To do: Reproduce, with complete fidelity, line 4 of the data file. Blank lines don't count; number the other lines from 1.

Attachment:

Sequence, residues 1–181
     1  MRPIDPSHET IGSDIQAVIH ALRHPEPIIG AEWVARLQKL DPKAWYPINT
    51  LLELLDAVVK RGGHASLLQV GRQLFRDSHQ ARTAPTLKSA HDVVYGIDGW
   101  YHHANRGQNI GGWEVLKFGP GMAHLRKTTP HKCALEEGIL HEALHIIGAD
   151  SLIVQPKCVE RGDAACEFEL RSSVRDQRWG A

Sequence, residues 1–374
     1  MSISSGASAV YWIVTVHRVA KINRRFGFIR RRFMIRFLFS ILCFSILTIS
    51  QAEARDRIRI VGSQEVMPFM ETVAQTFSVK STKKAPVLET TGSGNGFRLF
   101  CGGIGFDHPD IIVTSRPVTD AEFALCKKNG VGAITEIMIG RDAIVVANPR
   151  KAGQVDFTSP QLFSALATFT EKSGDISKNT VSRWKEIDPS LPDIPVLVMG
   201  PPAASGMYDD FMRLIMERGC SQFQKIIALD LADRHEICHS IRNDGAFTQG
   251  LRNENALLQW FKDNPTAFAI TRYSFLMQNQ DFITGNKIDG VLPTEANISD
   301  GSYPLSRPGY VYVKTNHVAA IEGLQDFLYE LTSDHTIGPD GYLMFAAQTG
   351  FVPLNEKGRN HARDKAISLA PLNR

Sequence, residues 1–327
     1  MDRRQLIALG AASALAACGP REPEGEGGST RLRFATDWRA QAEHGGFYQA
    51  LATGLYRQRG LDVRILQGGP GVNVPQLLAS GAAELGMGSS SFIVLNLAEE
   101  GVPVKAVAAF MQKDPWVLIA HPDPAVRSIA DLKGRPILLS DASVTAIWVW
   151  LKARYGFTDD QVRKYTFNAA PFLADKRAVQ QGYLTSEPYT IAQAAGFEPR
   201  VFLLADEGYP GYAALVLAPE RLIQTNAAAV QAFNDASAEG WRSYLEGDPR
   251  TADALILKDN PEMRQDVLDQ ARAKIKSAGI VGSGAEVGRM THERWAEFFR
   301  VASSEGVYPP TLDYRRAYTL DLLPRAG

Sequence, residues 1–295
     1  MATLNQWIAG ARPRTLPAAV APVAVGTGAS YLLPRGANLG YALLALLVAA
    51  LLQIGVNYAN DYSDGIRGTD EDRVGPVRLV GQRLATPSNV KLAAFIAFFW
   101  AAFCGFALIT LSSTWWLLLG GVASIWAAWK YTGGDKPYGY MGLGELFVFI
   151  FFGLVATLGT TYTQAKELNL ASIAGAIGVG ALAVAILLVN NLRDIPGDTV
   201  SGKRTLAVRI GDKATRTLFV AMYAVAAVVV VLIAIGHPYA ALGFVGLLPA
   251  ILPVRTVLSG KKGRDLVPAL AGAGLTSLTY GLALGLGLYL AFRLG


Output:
   101  YHHANRGQNI GGWEVLKFGP GMAHLRKTTP HKCALEEGIL HEALHIIGAD